WITH the most discredited Parliament in living memory now dissolved, the party manifestos being published and the first televised leaders' debate imminent, the General Election campaign has been well and truly joined by the broadcast and written media.
However, on the streets of Hull North, you could be forgiven for not knowing an election is taking place.
Save for a few Liberal Democrat and Labour Party posters, the campaign is invisible.
The Labour Party appears to have assumed its lead in this constituency is unassailable.
The Conservative Party cannot win the seat. Only the Liberal Democrats appear to regard the seat as potentially winnable, a fact reflected in their greater visibility.
This highlights one of the two most conspicuous features of this election.
First, unless you live in a marginal Middle England constituency on one or more of the political parties' hit lists, you will not be seeing much political activity.
The membership of both of the major parties has collapsed during the past decade. Neither party has the troops on the ground to mobilise voters.
For many disillusioned voters, this lack of visibility of politics may appear to be a blessing in disguise, but this trend will likely contribute to an overall UK turnout nearer to 55 per cent than 60 per cent, the lowest turnout on record.
If so this will be the most potent symbol of the extent to which British politics is broken. Paradoxically, this may make it the most important General Election since 1979.
The second feature of this campaign is the political invisibility of England.
This week's manifesto launches address policies for public services that apply to England alone, not Britain or the UK.
But, from the parties themselves and the broadcast media, you will never know this because it is a fact rarely acknowledged.
Instead, you will hear Gordon Brown talk of "this country".
He cannot afford to say the word "England" because, although his power over health and education policy is rooted in England alone – because of devolution – he does not represent an English constituency.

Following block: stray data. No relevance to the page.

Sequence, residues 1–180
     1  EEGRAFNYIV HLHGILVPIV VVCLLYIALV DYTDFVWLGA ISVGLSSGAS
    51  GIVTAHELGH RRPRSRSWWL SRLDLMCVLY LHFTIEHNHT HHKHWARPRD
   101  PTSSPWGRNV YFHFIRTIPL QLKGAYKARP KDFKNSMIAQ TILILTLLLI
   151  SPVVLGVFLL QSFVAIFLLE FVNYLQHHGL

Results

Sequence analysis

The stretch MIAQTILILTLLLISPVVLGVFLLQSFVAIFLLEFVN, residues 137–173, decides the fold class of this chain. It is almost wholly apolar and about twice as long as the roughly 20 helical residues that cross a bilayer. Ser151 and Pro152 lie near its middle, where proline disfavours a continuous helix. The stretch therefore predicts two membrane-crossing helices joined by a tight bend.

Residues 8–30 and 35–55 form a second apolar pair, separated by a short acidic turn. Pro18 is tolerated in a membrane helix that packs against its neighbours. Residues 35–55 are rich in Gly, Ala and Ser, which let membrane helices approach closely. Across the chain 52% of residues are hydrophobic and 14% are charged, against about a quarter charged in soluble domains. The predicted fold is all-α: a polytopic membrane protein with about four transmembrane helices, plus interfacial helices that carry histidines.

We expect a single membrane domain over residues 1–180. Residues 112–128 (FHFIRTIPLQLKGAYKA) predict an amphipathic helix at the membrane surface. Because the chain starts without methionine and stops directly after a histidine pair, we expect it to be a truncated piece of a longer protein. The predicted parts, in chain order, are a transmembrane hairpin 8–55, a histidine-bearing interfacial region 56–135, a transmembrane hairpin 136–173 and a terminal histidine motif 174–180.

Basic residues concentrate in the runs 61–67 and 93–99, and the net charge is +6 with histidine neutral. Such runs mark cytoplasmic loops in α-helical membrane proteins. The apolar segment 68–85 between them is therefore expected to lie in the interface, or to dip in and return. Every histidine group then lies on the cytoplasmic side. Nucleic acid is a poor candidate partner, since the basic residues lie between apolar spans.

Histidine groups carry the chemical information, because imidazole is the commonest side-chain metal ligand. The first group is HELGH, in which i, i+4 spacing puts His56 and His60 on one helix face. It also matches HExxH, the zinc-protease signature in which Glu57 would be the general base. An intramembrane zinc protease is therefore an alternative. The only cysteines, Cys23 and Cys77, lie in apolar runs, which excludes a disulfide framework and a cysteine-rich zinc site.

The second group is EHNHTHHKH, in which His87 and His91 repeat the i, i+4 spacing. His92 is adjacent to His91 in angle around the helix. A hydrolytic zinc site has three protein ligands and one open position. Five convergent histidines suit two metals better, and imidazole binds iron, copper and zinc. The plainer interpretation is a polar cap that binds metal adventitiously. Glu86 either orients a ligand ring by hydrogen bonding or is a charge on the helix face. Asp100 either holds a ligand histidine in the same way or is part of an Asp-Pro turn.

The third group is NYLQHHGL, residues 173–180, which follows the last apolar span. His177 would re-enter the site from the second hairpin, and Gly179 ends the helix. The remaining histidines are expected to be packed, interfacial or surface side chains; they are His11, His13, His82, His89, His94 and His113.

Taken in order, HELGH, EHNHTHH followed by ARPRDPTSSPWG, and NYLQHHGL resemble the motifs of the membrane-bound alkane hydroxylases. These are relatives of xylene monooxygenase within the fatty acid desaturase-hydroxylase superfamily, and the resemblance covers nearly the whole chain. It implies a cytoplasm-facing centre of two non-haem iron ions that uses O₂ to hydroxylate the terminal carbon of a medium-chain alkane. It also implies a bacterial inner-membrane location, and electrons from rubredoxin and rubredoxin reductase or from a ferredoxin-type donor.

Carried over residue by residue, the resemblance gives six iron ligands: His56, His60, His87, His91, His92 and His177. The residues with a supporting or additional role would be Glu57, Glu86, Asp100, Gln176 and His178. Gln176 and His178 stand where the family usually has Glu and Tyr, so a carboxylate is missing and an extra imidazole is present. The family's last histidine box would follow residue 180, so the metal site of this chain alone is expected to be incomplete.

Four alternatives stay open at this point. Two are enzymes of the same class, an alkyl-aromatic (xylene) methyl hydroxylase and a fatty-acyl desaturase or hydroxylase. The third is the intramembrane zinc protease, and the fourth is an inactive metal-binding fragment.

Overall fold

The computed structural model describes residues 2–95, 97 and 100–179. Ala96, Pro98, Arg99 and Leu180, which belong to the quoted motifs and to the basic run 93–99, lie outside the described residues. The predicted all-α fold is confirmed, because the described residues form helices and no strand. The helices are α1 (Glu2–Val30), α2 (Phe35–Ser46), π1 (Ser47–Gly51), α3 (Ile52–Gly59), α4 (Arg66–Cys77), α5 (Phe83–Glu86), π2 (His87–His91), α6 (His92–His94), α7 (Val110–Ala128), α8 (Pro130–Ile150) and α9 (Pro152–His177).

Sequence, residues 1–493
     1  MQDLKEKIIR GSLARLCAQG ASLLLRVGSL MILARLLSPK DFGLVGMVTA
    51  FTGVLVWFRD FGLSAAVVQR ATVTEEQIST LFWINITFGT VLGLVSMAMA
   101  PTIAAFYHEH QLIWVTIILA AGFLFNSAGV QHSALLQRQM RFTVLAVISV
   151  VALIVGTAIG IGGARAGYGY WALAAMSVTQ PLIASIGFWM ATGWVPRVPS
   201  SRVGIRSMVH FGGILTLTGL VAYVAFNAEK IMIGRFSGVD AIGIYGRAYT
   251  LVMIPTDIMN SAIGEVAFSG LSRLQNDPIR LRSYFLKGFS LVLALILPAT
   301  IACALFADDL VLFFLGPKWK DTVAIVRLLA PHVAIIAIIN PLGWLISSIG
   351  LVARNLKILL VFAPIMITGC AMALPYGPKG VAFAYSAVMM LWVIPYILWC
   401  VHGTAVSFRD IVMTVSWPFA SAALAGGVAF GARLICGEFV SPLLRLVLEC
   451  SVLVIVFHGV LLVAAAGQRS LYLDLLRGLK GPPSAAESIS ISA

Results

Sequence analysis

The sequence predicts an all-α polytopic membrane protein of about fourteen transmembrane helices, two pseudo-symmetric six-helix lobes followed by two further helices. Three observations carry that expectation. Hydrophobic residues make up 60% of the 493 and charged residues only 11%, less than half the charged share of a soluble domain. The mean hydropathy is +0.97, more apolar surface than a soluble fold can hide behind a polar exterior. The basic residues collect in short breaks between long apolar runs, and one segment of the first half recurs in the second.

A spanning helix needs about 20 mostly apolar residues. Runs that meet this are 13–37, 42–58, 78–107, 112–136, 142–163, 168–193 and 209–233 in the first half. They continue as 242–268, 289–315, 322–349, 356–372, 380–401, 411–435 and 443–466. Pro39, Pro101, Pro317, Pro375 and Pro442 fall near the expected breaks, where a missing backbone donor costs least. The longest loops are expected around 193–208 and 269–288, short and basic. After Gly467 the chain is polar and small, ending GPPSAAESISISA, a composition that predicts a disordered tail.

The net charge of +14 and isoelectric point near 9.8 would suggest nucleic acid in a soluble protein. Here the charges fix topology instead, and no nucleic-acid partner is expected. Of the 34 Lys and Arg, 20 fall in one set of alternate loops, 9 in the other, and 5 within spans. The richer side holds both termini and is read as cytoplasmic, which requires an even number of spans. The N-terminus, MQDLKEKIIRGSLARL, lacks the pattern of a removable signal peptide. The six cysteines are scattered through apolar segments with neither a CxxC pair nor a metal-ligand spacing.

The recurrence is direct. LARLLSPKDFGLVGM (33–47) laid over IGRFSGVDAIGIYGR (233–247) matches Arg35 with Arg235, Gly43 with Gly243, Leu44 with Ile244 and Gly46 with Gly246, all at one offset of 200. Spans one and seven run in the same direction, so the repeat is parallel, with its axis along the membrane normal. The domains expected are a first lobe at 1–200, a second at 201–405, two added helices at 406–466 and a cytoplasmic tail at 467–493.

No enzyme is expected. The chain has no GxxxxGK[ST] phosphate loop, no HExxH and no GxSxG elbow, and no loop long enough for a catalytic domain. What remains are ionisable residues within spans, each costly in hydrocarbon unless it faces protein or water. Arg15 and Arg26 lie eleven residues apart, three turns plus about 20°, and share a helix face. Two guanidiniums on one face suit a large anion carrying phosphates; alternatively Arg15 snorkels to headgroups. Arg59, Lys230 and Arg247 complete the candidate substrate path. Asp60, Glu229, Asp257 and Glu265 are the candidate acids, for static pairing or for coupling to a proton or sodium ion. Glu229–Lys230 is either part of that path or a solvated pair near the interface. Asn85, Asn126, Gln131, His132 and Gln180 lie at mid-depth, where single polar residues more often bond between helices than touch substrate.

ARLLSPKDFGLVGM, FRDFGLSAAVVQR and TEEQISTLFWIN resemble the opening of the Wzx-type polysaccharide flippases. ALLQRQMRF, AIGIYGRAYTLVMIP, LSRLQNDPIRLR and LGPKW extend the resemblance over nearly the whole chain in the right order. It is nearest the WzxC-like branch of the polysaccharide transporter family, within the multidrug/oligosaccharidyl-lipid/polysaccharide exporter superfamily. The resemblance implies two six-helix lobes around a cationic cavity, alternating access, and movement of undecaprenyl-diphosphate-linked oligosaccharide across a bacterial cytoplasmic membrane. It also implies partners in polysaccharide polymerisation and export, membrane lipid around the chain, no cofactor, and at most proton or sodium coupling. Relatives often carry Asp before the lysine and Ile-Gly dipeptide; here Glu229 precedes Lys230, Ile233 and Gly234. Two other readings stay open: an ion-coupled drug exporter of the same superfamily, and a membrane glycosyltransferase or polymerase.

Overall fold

Nick Clegg has warned of the possibility of major social strife if a minority Conservative government seeks to impose major spending cuts. However, a more likely scenario is the Conservatives will win both a clear majority of seats and the majority of votes in England while not winning an overall majority at Westminster.
If Labour and the Liberal Democrats then form a coalition government after the election, and seek to pass legislation and policies for England, including major spending cuts, using the votes of MPs representing seats in Scotland, Wales and possibly Northern Ireland too, Nick Clegg's major social strife may well materialise.
In such circumstances, voters in England will be entitled to ask: "Who legitimately speaks for England?"
It cannot be any political party that relies upon the votes of other nations at Westminster to determine the policies which will shape the future of England alone.
When New Labour introduced its White Paper on Scottish devolution in 1997, it asserted that the consequence of "entrusting Scotland with control over her own domestic affairs" would be "a fair and just settlement for Scotland".
But which of our political parties will offer a fair and just settlement for England?
Unless and until the political power to design the policies and allocate the public resources that affect their daily lives is devolved - by what is now an out-of-touch and hugely discredited British political elite - to the people of England's towns, cities and localities, there will be little incentive for a disillusioned and disenfranchised electorate to reconnect with the democratic process.